Today on Artist Strong we are fortunate to have guest Melissa Dinwiddie, a creative who celebrates and encourages creativity on her blog Living a Creative Life. When she isn’t writing for her blog, Melissa is making her own art. Thank you Melissa for joining us today and welcome to Artist Strong!
Carrie: Melissa, could you explain the genesis of your blog, Living a Creative Life? How did you start out?
The short story is that I realized my life needed to change, and I started my blog as a way to chart my journey to the life I really, really wanted.
The longer story starts about fourteen years earlier. From 1996 to 2007, I’d slowly built up a small, but sustainable, business as an calligrapher and artist, selling primarily ketubah prints (Jewish marriage contracts). The business had grown steadily, without much marketing on my part, and I was all set to finally reach my big, 6-figure goal…
But then 2008 happened. The economy tanked, and my business tanked along with it.
Without any understanding of how to make good business decisions, I spent 2 years desperately “throwing money at the problem,” but the only thing that did was get me into serious debt.
By February of 2010, things were really dire. In my panic, I managed to scare off a client who was just about to close a sale that would have paid my mortgage that month. Then my boyfriend walked out, leaving me in even worse straits than before.
That’s when I lost it.
The truth was, I’d been burned out on my business for a long time, but it took a series of crises to wake me up to the fact that I had the choice to change my life. I didn’t have to just be a ketubah artist forever.
The last gift my departing ex-boyfriend gave me was a link to an article on Chris Guillebeau’s blog, The Art of Non-Conformity. Suddenly I had a vision that a different life was possible—one in which I wasn’t settling, where I was feeding my creative hungers and changing the world while also paying my bills.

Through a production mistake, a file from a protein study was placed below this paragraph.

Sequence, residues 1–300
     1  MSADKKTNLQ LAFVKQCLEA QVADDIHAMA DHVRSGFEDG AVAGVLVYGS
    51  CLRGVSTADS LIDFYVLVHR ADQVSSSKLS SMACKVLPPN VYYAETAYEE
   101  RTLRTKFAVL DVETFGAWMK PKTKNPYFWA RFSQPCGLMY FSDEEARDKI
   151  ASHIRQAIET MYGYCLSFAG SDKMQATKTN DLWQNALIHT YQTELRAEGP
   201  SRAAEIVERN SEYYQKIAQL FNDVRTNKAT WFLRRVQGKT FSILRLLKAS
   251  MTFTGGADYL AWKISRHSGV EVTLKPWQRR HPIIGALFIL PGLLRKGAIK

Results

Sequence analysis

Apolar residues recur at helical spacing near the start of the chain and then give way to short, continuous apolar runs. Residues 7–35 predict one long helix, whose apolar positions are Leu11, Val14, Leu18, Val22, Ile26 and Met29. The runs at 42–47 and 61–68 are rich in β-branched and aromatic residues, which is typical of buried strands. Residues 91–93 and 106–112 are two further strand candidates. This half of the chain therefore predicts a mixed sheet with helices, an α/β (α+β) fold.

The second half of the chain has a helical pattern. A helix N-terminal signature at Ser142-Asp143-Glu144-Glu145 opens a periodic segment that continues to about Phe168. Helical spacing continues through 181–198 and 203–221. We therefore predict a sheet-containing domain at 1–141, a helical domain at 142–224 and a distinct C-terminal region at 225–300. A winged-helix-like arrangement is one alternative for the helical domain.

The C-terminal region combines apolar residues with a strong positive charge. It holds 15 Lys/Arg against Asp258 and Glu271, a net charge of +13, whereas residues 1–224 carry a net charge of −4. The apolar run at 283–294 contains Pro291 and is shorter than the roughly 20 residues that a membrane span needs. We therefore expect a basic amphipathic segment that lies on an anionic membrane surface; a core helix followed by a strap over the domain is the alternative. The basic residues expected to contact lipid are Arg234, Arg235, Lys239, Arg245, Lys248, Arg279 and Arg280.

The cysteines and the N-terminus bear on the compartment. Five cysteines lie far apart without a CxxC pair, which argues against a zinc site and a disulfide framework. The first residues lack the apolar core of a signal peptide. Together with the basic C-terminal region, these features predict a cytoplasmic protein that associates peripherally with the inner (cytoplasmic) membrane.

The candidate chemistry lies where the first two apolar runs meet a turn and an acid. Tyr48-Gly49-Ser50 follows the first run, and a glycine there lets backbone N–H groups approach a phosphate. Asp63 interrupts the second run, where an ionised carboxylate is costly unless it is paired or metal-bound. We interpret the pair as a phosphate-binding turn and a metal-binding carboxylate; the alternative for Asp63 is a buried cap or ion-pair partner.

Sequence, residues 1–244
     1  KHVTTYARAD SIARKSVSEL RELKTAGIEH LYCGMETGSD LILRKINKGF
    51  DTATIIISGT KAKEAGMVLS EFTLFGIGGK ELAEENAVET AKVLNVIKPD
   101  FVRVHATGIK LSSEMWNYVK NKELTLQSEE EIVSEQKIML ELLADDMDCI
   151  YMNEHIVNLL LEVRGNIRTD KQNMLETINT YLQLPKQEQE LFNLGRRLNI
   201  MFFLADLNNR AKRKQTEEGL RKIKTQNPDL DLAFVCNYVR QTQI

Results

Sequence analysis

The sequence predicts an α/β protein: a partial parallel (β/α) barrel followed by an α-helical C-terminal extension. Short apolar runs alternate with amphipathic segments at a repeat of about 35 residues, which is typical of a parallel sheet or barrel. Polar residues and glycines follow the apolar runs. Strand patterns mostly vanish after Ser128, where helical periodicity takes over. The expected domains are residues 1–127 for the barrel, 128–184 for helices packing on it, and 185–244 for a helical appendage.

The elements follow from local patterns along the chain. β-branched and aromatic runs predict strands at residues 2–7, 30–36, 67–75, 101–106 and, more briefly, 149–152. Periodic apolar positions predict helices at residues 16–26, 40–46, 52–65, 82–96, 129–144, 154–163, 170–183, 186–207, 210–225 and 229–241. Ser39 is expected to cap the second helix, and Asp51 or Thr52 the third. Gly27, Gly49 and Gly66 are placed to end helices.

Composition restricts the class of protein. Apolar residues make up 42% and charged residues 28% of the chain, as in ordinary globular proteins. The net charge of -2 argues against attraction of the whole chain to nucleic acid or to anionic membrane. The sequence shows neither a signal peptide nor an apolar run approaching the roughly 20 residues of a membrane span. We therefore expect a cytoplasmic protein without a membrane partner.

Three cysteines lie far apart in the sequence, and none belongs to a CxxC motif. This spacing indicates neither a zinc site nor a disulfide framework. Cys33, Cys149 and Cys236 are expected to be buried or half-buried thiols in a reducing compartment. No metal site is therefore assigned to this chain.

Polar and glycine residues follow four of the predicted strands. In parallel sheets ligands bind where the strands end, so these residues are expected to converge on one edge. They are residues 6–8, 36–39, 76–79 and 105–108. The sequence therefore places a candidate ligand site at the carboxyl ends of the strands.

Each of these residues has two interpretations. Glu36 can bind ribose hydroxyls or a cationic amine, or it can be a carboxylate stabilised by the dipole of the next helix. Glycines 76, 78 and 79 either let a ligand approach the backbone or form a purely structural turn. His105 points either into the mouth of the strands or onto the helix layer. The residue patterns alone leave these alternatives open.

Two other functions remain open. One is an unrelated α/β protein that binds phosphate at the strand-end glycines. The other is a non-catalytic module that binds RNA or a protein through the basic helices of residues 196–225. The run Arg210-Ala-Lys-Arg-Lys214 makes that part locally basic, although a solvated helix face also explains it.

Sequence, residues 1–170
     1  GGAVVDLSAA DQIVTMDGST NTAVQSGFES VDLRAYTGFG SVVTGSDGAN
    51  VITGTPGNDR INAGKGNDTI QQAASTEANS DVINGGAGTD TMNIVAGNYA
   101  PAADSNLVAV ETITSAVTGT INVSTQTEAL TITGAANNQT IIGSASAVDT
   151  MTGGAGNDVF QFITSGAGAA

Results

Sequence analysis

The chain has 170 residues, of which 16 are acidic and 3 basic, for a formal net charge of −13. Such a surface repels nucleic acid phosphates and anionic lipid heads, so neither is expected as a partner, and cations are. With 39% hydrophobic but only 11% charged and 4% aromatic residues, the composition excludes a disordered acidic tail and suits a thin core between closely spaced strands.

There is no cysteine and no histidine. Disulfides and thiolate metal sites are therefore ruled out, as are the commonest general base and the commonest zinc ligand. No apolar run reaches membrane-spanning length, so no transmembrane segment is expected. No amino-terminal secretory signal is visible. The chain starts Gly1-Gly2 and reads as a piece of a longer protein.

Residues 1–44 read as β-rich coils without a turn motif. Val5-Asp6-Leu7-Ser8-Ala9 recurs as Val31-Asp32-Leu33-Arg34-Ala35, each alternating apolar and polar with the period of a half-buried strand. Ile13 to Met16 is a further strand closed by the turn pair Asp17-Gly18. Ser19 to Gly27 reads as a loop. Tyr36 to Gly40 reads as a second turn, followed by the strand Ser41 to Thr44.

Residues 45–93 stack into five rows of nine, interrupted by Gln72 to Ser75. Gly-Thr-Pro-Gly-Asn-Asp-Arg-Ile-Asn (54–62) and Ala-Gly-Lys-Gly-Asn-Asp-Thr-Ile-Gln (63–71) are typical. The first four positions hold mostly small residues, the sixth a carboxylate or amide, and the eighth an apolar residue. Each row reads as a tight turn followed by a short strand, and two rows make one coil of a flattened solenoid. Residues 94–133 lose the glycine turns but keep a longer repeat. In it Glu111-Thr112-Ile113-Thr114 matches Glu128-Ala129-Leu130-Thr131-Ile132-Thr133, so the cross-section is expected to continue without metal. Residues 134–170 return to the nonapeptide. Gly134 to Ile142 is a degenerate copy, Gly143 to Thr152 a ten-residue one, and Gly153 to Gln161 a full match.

Within days I’d bought the domain livingacreativelife.com and set up a WordPress blog. At the time, I had no idea where it would lead, I just knew that I felt a powerful call to write down what I was going through.
The rest, as they say, is history. 😉
Carrie: Great story! What is one thing you really want people/creatives to take away from your blog?
If I could boil it down to one thing, it would be that feeding our creative hungers is not self-indulgent, not the “frivolous” thing that needs to wait until everything else gets done. All humans are inherently creative, and using your creativity—in whichever way(s) it is calling to you to be used—is essential to health, happiness, and well-being.
The problem, of course, is that all sorts of obstacles get in the way. We live in a society that gives us very mixed messages about creative expression, and all of us have barely conscious belief systems—what I like to call “self-installed glass ceilings”—that keep us stuck.
The good news is that all of this is within our power to change! We can shatter those self-installed glass ceilings. We can deprogram all of the negative messages we’ve been taught.
We can reclaim our inherent creativity, create lives of greater joy, and in the process make the world a better place for everyone!
Carrie: What motivated the decision to offer courses for creativity? (How did you get the idea? What triggered it?)
When I talked with other people about where creativity existed in their lives, I saw the same patterns over and over. The same obstacles that had led me to lock my creative spirit up in a closet affected just about everyone I talked to!